Dreaming Big Dreams: A School for the Blind in Tibet

Sabriye Tenberken speaking to clients of the Carroll Center for the Blind on Wednesday
Sabriye Tenberken speaking to clients of the Carroll Center for the Blind on Wednesday

This is an introduction to a new book and to its author. It is also an introduction to an extraordinary woman, who lost her sight due to Retinitis Pigmentosa, and to her partner. Together they make big dreams – very big dreams indeed – come true. Her story is a wake-up call to all of us who have lost sight over years and sometimes fear becoming useless!

Sabriye Tenberken was already legally blind when she attended the University of Bonn. She studied languages including Tibetan and discovered that blind people in Tibet could not read or write because there was no Tibetan braille. So she created the braille code for Tibet, and had it accepted by the authorities. But there were no schools in Tibet where blind children could learn.

So Sabriye, aged twenty-seven, set out for Tibet and started a school for the blind in Llasa, the capital. It was very tough going – everyone was against her. Then Paul Kronenberg, who had been working for the Red Cross and was interested in design, marketing and fund-raising arrived. They took on the problems as a couple and together succeeded.

The book is titled For the Benefit of Those Who See: Dispatches from the World of the Blind. The author is Rosemary Mahoney and it was published on January 14th by the Hachette Book Group.

Rosemary Mahoney has written a book that needed to be written. She exposes her own fear of blindness and her fascination with it – a combination she shares with half the world! Her book documents the stupidity and cruelty blind people have endured through all ages and all cultures. It then showcases Sabriye and Paul’s work with blind children in Tibet, and young entrepreneurs from developing nations in India.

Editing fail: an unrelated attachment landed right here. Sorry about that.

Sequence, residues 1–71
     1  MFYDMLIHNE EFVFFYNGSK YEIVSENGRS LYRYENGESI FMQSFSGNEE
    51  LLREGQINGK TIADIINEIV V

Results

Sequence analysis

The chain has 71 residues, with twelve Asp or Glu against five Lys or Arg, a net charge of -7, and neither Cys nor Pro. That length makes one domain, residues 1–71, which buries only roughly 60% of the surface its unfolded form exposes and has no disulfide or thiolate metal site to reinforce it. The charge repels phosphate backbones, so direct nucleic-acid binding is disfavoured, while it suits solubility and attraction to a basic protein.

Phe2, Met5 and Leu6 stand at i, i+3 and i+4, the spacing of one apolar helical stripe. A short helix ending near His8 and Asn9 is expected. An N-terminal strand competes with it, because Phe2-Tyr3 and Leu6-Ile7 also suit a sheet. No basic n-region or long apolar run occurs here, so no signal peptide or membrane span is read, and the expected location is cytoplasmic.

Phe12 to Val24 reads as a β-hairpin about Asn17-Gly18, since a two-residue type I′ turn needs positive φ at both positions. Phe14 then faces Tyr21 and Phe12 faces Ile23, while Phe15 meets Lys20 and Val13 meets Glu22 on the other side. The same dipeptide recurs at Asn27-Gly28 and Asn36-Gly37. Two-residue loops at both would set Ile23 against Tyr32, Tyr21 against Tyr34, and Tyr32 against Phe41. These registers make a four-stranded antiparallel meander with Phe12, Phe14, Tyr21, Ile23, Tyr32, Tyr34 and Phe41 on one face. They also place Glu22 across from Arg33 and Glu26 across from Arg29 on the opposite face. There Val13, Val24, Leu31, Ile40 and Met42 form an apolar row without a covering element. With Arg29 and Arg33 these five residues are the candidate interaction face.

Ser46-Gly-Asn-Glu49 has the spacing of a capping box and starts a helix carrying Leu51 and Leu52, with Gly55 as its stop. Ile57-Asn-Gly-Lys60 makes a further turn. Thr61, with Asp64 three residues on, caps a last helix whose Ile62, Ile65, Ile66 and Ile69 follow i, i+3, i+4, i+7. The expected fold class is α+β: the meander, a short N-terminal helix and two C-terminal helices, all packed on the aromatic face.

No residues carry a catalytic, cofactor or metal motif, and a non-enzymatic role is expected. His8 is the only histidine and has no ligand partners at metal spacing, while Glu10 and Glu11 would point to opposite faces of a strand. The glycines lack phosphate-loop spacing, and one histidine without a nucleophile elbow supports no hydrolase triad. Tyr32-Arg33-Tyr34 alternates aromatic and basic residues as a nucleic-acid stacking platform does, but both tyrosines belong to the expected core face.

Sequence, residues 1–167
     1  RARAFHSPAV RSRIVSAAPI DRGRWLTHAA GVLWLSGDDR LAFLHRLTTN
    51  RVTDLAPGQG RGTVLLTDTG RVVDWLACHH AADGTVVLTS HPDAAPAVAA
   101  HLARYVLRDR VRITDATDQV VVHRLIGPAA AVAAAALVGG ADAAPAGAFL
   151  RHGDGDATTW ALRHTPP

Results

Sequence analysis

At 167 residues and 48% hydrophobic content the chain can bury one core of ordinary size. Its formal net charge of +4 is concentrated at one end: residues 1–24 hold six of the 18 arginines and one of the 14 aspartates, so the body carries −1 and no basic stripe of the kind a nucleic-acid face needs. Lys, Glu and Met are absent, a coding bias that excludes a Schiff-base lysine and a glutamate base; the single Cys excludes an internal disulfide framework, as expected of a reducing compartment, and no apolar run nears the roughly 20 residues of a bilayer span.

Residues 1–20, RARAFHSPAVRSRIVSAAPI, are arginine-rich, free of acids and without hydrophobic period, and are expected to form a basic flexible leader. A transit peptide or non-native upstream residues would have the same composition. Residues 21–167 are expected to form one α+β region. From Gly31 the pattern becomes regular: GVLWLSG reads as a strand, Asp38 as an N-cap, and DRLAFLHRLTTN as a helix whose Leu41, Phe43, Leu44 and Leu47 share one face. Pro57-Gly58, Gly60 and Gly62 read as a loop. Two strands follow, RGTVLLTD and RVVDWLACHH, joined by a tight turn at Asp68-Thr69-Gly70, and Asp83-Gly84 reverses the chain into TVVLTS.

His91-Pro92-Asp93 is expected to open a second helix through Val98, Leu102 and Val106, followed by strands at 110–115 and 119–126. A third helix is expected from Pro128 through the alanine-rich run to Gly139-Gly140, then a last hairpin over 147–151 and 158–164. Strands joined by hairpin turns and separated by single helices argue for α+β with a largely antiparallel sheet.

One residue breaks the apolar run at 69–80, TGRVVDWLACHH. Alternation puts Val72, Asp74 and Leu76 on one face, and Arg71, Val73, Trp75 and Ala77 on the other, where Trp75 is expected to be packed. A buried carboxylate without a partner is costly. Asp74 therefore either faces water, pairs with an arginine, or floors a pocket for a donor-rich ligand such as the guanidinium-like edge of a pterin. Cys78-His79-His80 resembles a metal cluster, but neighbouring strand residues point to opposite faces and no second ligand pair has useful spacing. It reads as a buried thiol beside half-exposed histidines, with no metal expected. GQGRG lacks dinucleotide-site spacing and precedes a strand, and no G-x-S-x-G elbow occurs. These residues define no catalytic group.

Some parts of this book might not be easy reading for someone in the middle of shock and grief over vision loss. There are graphic descriptions of eye surgery, and ways blind eyes can look if left untreated. They also give intimate descriptions of young blind people who have been neglected and have developed idiosyncratic behaviors. But throughout the book there is a respect and admiration for what people with every disadvantage can survive and build on, and what the other four senses can deliver when sight is not a big distraction.

Rosemary is a professional writer, who was sent to meet Sabriye and Paul by O, The Oprah Magazine, and was so impressed by what a clear mental vision and endless perseverance can achieve, that she determined to write a book about their work. She returned to stay at their school in Tibet and new institute in India as a volunteer in order to discover how such a big, almost unbelievable, dream could succeed.

Rosemary has full sight herself, indeed she says she is maybe a little obsessed with sight. But her mother contracted polio, and Rosemary’s thinks her interest in and empathy for disability comes from watching her mother cope with the physical efforts and social stigma of her crutches and leg brace.

In the end this is an inspiring story of Sabriye and Paul, and the management team at the school in Tibet – the young blind adults leading the blind children towards active, money-earning lives.

Reading the Book

At present the book is only available in print and as a Kindle edition. (This can be downloaded onto a Kindle app on a smart phone and read with large print and good contrast, or with the Voiceover screen reader on iPhones and iPads.) Other versions – an audio book, an electronic version, a braille version – are all promised, but no dates yet.

Have you read For the Benefit of those Who See already? Please tell us what you think of it.

 L. to R. Paul Kronenberg, Rosemary Mahoney and Sabriye

L. to R. Paul Kronenberg, Rosemary Mahoney and Sabriye

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